As for @Kie s question, the OE oil is 85W90, so I would guess that SAE140 is "too" thick. Will it damage anything? Probably not.. but I am sure that the trans/diff are working harder than they need to to spin around in that significantly thicker oil.
Thanks for keeping me straight! I didn't realize I found a Subaru forum with the search function. I'm new here
The manual for my '97 calls for "75/80 GL-4" in the transaxle, and "75W-90 GL-5" in the front diff. I would not use the same GL-4 in both. And I would definitely not use SAE140 anywhere in the truck.
Hypoid gears in the front diff are better protected running GL-5, which shouldn't be used in the transaxle for the reasons others stated above. I'm using Red Line 75W-90NS GL-5 in the front diff. Red Line MTL GL-4 is about to go in the transaxle when I find a minute. The product data sheet for MTL even states it's not for use in hypoid diffs.
From Castrol's website:
API GL-4 – Intended for gear sets with light to heavy load and sliding forces. GL-4 lubricants are often used in syncromesh manual shift on-road and off-road truck transmissions.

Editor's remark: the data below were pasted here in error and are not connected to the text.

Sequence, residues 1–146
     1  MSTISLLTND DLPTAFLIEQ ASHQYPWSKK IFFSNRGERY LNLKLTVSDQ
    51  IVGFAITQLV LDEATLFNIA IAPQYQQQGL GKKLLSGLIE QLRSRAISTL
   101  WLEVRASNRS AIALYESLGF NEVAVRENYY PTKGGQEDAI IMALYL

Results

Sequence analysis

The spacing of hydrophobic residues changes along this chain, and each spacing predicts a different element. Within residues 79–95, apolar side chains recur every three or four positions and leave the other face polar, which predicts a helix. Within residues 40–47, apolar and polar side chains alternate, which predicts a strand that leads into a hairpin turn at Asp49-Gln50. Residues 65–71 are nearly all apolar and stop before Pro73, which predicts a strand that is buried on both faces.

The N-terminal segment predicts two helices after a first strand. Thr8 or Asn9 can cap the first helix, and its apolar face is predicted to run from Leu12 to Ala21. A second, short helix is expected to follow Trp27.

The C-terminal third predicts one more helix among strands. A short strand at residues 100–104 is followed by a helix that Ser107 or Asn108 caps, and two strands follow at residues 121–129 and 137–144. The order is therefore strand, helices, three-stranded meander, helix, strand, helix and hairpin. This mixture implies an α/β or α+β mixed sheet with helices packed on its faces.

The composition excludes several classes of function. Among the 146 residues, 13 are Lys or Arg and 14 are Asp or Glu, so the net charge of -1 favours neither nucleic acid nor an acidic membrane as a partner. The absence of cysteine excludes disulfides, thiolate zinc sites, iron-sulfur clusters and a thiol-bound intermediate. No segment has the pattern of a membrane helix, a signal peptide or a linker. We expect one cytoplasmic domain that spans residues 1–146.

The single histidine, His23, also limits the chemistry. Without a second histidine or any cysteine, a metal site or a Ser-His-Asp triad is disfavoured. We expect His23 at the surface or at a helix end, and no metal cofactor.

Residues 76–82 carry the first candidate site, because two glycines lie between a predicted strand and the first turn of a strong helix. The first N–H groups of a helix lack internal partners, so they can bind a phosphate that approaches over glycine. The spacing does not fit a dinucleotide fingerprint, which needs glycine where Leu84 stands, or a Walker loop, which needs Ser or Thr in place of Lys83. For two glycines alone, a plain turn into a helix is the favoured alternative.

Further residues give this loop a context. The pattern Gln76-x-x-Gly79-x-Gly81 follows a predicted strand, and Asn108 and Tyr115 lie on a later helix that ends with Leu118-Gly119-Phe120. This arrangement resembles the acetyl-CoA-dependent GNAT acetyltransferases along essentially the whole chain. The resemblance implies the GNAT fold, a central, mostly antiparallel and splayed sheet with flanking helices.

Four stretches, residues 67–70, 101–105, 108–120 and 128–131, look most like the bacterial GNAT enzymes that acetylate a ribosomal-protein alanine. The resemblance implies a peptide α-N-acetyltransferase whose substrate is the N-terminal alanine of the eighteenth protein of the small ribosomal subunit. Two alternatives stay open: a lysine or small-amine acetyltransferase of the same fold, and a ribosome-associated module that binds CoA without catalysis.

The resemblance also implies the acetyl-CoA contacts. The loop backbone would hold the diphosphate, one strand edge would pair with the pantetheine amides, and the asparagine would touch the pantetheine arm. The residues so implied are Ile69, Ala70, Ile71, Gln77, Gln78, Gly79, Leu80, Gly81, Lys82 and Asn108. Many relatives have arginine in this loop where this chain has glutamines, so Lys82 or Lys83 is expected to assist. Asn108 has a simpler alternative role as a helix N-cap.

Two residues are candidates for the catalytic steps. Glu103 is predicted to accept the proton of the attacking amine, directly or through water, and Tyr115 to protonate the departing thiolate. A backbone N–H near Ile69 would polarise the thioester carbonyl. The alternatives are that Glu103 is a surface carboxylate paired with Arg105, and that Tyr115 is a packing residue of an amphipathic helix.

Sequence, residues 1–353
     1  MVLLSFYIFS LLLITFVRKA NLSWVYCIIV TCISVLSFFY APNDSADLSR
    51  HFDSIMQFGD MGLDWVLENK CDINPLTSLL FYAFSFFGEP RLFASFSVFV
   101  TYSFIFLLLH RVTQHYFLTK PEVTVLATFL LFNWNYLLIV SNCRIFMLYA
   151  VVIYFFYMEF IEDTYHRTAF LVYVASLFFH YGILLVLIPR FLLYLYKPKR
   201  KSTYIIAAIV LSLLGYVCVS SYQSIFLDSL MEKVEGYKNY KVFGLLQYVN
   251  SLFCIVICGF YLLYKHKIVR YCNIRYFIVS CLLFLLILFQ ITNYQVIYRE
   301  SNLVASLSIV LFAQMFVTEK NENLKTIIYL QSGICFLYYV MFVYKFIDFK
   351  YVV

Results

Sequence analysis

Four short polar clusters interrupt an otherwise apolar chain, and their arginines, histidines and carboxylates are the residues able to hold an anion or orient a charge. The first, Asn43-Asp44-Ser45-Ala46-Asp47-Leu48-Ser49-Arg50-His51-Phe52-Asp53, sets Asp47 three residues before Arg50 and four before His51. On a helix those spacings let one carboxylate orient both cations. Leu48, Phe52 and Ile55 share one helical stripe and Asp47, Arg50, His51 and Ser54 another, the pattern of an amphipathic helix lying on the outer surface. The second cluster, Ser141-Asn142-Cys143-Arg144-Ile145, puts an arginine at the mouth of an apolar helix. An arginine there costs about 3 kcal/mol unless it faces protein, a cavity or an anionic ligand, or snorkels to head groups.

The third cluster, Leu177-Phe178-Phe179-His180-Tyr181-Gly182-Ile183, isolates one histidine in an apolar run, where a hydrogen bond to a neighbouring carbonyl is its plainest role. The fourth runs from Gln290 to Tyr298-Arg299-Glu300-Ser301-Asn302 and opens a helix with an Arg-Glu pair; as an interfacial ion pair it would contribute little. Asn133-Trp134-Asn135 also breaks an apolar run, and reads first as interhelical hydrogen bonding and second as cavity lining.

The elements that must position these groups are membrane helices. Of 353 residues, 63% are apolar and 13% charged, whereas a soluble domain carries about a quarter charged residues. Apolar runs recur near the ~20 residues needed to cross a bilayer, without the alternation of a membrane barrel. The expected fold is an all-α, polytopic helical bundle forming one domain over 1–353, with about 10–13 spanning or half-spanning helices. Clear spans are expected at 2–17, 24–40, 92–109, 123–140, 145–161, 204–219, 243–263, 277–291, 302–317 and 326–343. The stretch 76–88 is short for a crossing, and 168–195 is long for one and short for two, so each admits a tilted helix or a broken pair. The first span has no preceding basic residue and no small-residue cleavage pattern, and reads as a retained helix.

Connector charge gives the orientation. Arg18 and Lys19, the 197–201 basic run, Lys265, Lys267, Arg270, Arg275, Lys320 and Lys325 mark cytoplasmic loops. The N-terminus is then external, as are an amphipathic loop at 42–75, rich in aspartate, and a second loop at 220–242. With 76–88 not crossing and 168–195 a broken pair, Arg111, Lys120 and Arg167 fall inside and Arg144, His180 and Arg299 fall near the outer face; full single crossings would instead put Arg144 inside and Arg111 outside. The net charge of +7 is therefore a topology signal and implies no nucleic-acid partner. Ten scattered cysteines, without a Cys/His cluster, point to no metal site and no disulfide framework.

API GL-5 – Intended for heavily loaded gear sets with high sliding forces such as hypoid differentials. GL-5 lubricants contain high levels of extreme-pressure additives to provide protection under boundary lubrication conditions. Common heavy duty applications include differentials in on-road and off-road trucks, differentials, final drives in Caterpillar scrapers, and differentials and planetaries in Euclid haul trucks. Some manual-shift transmissions can use GL-5, but typically should not be used in synchromesh-type transmissions, as the EP additives can be corrosive to yellow metals found in those transmission types. Limited-slip differentials also typically require a specific lubricant with a limited-slip additive.
Great info @CO-Sambar Thanks.
I was about to use a 75W-90 GL-4 in both the transaxle and differential, but the information you shared makes a compelling argument to get some GL-5 just for the differential. Thanks for sharing this.
No problem. I’ve seen a couple YT videos where the guy puts GL-4 in front and rear or GL-5 front and rear and I just cringe. Both are easily available at any auto parts store or online so why not use the correct fluid?
The GL-5? Absolutely. I just had to special order the GL-4.
What manual are you referring to here? Both the owners manual and original service manuals I have gives several options for front diff oil, including both GL4 and GL5 options. While I am not at all saying that you should not run GL5, but GL4 is certainly an acceptable option.
The original pink Sambar 660 manual that came with my 97, published April 96, calls for GL-5 in the front diff. No other options. Maybe it has changed over the years.
Pennzoil Synchromesh and Valvoline Synchromesh are the two manual transmission lubricants I'm thinking of that I frequently see on store shelves at AutoZone or Oreilly.